Unit 4 Instructor: Jose Davila
Risk Factors and Early Intervention • Many factors—known or unknown—can place a child at risk for developmental disability. • The goal of this chapter is to prevent disabilities in the children of our country.
Terms and Definitions • Risk factors are biological or environmental conditions associated with cognitive, social, affective, and physical problems. • The presence of risk factors increases the probability of adverse outcomes but does not guarantee them.
Biological Risk • Biological risks exists when prenatal, perinatal,or postnatal events increase the likelihood that the child will experience developmental problems. • Prenatal—from conception to birth • Perinatal—from the twelfth week of pregnancy through the first birthday. • Postnatal—twenty-eighth day of life through the first birthday
Prenatal Factors • Teratogens are substances that can cause birth defects (alcohol, drugs, illnesses). • Illnesses of the mother during pregnancy can cause damage to the developing fetus (e.g. rubella, CMV, STDs, HIV/Aids) • When STDs are identified and treated during the first trimester of pregnancy, harm to the fetus can be avoided. • Aids and HIV can be transmitted during pregnancy, birth, and breastfeeding.
Thalimodine Tragedy • The thalimodine tragedy of the 1950s demonstrated that great care must be taken with all drugs during pregnancy. • Thalmodine was prescribed to pregnant women for nausea; over time it was learned that taking the drug during the first trimester of pregnancy caused shortened or missing arms and legs in fetus.
Polysubstance Abusers • Apolysubstance abusers are those who use a combination of drugs as well as alcohol. • Babies of mothers who have used cocaine, heroin or methadone marijuana, PCP, or amphetamines appear to be at significant risk, and may be particularly vulnerable to the effects of an unstable environment.
Long-Term Effects • Long-term effects of prenatal drug exposure on the child are difficult to predict. • Maternal alcohol use during pregnancy can result in fetal alcohol syndrome or alcohol-related neurodevelopmental disorder. • Smoking can result in pregnancy complications as well as low birth weight and physical abnormalities in the infant. • Younger mothers and older mothers are at risk for different pregnancy complications. (e.g. mothers over age 35 are more likely to have a child with down syndrome.
Perinatal Period • The perinatal period ranges from the twelfth week of pregnancy to the twenty-eighth day of life. • Premature babies are born before the thirty seven weeks’ gestation; low baby weigh less than five and a half pounds. • Advances in neonatology and high-risk infant care have ensured the survival of many low birthweight babies.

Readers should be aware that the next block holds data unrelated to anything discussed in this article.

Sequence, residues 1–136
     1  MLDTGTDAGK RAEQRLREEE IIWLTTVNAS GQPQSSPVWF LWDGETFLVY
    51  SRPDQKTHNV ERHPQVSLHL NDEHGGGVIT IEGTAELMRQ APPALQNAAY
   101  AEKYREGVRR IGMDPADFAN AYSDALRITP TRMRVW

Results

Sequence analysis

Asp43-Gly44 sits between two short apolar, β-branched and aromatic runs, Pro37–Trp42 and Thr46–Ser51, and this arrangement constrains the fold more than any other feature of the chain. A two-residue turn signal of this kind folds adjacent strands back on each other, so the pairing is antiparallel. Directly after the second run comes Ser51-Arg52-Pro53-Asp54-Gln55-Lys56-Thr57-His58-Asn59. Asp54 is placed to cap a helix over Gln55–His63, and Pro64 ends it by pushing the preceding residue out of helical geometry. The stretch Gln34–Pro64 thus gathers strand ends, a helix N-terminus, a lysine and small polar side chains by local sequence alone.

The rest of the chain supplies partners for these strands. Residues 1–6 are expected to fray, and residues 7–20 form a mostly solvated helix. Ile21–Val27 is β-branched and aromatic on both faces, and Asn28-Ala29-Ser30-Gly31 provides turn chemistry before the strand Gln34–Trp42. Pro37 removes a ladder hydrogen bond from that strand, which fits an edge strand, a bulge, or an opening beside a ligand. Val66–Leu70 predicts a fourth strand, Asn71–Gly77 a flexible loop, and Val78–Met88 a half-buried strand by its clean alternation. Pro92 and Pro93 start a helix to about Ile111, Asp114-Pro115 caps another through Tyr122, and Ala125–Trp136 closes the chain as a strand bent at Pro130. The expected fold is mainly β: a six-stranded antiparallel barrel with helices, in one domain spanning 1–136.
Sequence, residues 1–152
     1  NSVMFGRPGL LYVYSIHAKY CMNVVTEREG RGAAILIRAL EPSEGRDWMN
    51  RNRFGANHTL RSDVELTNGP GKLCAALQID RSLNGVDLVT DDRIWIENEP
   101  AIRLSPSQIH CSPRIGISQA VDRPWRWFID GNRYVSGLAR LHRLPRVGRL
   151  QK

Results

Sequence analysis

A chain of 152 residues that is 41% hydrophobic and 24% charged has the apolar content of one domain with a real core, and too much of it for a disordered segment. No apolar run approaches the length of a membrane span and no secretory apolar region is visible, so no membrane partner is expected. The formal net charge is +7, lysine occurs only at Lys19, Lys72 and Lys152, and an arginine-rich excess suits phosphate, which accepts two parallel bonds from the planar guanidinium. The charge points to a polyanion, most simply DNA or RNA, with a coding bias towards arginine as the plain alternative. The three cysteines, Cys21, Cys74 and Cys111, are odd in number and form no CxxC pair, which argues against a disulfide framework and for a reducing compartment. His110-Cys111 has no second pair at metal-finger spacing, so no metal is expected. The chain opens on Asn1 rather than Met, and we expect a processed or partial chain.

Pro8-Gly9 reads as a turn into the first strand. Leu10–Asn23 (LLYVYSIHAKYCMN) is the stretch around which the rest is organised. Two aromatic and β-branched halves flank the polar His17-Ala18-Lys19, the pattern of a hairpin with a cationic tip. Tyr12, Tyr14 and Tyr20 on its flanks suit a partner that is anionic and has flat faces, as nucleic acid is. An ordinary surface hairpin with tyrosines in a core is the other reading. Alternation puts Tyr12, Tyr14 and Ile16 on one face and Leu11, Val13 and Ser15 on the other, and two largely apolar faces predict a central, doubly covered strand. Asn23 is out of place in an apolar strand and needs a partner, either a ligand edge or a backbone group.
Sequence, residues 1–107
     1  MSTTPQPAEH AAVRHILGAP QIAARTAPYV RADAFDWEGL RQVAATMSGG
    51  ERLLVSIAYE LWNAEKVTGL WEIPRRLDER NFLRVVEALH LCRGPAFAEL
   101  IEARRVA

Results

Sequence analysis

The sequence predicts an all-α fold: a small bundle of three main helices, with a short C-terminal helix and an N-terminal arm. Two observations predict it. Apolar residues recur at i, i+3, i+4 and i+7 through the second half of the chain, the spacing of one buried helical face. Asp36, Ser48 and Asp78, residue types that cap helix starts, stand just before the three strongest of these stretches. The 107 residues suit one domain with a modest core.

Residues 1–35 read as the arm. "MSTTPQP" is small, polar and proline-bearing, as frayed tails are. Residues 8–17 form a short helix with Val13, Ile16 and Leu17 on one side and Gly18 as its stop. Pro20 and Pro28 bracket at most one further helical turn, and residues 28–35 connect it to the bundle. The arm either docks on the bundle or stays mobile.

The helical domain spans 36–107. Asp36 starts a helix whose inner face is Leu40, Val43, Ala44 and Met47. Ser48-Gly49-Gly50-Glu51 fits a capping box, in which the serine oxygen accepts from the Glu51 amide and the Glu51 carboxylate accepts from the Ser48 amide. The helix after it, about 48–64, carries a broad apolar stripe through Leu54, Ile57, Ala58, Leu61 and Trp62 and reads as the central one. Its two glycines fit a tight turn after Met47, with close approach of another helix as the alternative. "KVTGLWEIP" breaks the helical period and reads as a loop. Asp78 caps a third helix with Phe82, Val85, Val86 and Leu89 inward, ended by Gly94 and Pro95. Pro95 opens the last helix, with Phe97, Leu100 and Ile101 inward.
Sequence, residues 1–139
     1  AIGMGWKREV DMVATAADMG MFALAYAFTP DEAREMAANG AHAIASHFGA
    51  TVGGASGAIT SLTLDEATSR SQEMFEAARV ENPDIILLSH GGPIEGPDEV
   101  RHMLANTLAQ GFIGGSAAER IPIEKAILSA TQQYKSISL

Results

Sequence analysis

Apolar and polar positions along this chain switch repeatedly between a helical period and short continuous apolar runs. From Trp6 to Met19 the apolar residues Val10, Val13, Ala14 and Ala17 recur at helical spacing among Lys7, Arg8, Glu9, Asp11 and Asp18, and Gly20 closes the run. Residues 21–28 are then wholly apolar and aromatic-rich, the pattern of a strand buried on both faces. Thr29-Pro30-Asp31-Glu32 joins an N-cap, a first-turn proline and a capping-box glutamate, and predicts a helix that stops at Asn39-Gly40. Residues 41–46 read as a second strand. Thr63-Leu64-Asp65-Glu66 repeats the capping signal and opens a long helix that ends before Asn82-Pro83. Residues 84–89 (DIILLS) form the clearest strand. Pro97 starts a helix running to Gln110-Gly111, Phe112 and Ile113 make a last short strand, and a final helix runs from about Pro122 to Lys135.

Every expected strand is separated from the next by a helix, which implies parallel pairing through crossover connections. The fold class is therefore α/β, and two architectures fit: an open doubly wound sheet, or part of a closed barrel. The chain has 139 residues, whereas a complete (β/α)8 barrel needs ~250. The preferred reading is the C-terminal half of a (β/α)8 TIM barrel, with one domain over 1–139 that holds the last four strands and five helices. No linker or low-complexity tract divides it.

Postnatal Period • Diseases like meningitis and conditions like chronic otitis media can result in disabilities that affect school performance. • Among the diseases that can place a young child’s learning at risk are asthma or chronic lung disease, HIV, and ongoing ear infections. • Nutritional deprivations is usually associated with extreme poverty, and it is difficult to separate the effects of poor nutrition from the other deprivations of poverty.
Environmental Risk • Environmental risk includes all the risk factors related to the environment in which the child develops. • Early exposure to lead is associated with a greater likelihood of school problems. • Neurotoxins damage the developing nervous system. • Accidents are the most common postnatal risk factor. • Poverty—which can include both economic and social factors—is a major cause of environmental risk. • Child abuse may be responsible for some cases of mental retardation, physical disability, and emotional disturbance in the U.S. today. • Developmental problems most often stem from a combination of biological and environmental risk factors.
Prevention • Inoculation, or vaccination against infectious diseases, is a prevention strategy that should be available to every child. • Genetic counseling can also be a step in preventing disability. • Early and consistent prenatal care is the most effective way to prevent many disabilities. • Amniocentesis and chronic villous sampling can provide information on the health of the fetus. • Early-intervention is the set of services provided to children from birth to age 3 and their families that is designed for their unique characteristics and needs.
Early Intervention • Research documents the effectiveness of early interventions services. • Early-Intervention can be provided in the family home, at an early intervention center or in the community. • Family involvement and family support are the foundation of effective early intervention. • The IFSP is written not just for the child, but for the family.
Identification and Assessment for Infants at Risk • Three groups of infants and toddlers are eligible for early intervention services under law. • 1. Those with an identified condition related to developmental disability, such as hearing or vision loss or Down Syndrome. • 2. Those who are experiencing developmental delay in motor, cognitive, communication, psychosocial, or self-help skills. • 3. Those who are at risk for significant developmental delay because of biological and/or environmental events in their lives.
Identification and Assessment of Infants at Risk • Best practices in assessment demand that multiple types of data from multiple sources, especially the family, be used for good decision-making. • Children with responsive and consistent caregiving have the best chance of recovering from the effects of risk factors. • Resilient children can overcome the odds and become healthy, productive adults. • Personal factors and a close bond with primary caregiver may help resilient children overcome early risk factors.
Any questions???? • Discussion Board Requirements!!!! • Thank you for the hard work. • Take care.